The golden arches has reportedly been receiving reports of such incidents for several months. It's unclear if the fraudulent behavior is being carried out by just one individual or a team of hamburglars.
Patrick O'Rourke, the managing editor of MobileSyrup and one of many impacted by the hack, recently recounted his experience in a post on the site, noting that things started to go downhill the moment after he opted to download the McDonald's app so that he could pick up a cup of coffee.
"Rather than wait in a long line at Toronto's Union Station, I downloaded the McDonald's iPhone mobile order app while commuting to the MobileSyrup office on the Go Train. I added my debit Mastercard to the app, and ordered a coffee with two sugars and two milks," he explained. "To my surprise, even though my card information was added correctly, the transaction failed."
Shrugging off the matter, O'Rourke went old-school, getting in line so that he could place his order in person with a cashier. At that point, he inquired about the electronic order and was informed by the employee that details about his order were in the system.
"I walked away with coffee in hand thinking that McDonald's new app wasn't very good. I attempted the same purchase the following day and experienced identical results. At this point, I gave up and decided the company's mobile ordering app wasn't worth the hassle," he wrote.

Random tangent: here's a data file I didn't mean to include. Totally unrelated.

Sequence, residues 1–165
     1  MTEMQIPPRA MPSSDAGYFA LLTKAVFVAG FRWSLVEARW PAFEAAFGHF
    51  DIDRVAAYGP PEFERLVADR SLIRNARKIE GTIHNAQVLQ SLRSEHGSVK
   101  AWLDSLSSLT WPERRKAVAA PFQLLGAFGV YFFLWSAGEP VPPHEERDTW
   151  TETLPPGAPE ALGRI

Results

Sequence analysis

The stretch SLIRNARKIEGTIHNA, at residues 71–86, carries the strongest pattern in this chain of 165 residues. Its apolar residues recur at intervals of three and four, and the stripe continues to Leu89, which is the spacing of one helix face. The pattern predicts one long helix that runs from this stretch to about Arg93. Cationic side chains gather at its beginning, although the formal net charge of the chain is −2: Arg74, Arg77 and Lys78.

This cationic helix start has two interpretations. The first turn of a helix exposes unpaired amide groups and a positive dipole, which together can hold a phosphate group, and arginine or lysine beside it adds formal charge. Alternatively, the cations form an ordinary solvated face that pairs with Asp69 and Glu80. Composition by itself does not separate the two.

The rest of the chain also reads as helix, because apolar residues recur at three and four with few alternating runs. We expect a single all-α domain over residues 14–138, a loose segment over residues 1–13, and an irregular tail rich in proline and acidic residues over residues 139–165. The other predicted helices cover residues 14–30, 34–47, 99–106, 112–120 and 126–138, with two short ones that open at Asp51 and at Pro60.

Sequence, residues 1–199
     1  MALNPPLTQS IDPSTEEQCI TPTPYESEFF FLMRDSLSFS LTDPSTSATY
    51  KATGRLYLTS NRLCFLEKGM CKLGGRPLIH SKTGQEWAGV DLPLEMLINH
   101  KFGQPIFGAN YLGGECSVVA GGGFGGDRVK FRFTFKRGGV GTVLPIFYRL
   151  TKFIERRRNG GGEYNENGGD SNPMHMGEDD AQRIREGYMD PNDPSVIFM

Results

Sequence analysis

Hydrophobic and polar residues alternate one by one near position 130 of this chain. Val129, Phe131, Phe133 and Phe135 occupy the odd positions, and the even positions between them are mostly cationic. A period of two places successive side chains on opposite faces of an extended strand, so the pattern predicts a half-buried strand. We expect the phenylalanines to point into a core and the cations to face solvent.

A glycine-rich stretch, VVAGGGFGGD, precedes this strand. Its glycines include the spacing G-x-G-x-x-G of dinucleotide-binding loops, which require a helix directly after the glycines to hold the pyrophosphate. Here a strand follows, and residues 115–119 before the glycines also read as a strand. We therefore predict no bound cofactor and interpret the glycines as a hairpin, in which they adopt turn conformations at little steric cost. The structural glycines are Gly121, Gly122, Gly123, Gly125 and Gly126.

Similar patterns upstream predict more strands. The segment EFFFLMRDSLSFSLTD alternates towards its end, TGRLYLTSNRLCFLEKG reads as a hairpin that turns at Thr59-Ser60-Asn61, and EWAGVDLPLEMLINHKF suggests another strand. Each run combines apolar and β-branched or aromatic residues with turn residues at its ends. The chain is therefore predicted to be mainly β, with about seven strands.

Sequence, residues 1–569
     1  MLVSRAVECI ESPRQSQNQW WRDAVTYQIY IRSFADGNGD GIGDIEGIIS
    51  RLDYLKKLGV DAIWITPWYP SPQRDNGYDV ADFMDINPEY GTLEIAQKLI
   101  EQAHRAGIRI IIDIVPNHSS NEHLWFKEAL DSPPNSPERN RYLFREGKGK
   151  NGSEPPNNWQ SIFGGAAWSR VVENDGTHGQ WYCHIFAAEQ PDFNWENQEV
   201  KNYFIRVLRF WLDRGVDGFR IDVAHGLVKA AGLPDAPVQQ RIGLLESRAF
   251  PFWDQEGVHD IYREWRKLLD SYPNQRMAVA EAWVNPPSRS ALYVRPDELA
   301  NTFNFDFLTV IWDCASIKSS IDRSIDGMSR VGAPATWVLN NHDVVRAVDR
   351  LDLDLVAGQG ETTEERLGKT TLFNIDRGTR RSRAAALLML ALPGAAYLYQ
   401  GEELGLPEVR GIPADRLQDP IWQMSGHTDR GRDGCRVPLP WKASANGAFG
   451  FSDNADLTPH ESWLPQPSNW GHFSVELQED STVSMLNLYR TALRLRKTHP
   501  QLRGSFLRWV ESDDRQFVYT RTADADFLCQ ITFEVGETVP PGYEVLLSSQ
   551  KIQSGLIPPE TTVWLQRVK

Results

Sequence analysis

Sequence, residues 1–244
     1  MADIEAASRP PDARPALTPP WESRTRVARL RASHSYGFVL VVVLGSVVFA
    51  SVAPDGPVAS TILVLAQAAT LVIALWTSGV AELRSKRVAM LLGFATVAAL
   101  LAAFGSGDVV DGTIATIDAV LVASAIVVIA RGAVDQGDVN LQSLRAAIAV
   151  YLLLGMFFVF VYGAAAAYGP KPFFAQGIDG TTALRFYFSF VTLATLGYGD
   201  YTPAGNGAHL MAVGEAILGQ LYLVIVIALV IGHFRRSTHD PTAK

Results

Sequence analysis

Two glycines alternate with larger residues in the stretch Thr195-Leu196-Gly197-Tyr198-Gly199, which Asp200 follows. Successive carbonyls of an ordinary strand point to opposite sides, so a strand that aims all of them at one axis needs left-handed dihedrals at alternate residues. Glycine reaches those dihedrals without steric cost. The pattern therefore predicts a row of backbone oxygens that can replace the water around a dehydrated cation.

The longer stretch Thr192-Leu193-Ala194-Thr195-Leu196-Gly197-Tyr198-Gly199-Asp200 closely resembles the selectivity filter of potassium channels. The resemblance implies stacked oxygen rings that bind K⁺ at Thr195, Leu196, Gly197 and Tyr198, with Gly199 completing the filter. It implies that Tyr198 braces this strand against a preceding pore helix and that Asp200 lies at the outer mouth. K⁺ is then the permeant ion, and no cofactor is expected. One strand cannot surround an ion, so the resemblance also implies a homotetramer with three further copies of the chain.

In the days that followed, O'Rourke found himself with "nearly $2,000 CAD defrauded from [his] bank account, all from various McDonald's locations across Montreal, Quebec." In reviewing the orders, the journalist discovered that he had footed the bill for McChicken Value Meals, poutine and even Oreo McFlurries.
After filing out some bank forms, O'Rourke was luckily able to get a refund. However, this, as previously mentioned, wasn't the only incident.
Earlier this year, Canadian Patty Duke told CTV News that $100 worth of meals were charged to her account, all within minutes of each other. "I thought it was an error at first, because I couldn't believe that I'd place four separate orders all to the same McDonald's within minutes of each other… It didn't make a whole lot of sense," she said.
And then there's the case of Lauren Taylor, a resident of Nova Scotia who wound up with a $500 bill from McDonald's, courtesy of a hacker who ordered large fries, Big Macs, Filet-O-Fish sandwiches and hot cakes, among other food options.
"It's amazing to see how quick someone can just breach your privacy," she told CBC News. "This is an app that's supposed to be secure… So why do I live in Nova Scotia, and why is my card being used in Quebec? That's crazy."
Various other individuals have voiced their own experiences online.
— Kevin Getz (@Kevin_Getz) April 28, 2019
— Guillaume Dauphinais (@delphs) April 24, 2019
— Lorena Szakacs (@Lorzach) April 24, 2019
— CJ K (@cjkeats) April 24, 2019
— Peter Papadopoulos 🇬🇷 🇨🇦 (@pete_daheat) April 23, 2019
— Angelo Gio Mateo (@angelogiomateo) April 23, 2019
A common theme among reports suggests that Mickey D's customers have been faulted for not having strong passwords, even in cases in which lovers of the golden arches said they did.
Adam Grachnik, spokesperson for McDonald's Canada, told the Business Insider that the company is aware of the matter and that they are "confident in the security of the app."
"We do take appropriate measures to keep personal information secure," Grachnik said. "Similar to other apps, we are constantly improving the My McD's App and updating it with enhancements to make the user experience as strong and safe as possible."
While the jury appears to still be out on just how secure the app is, it might be best to put mobile orders on pause until all issues are resolved.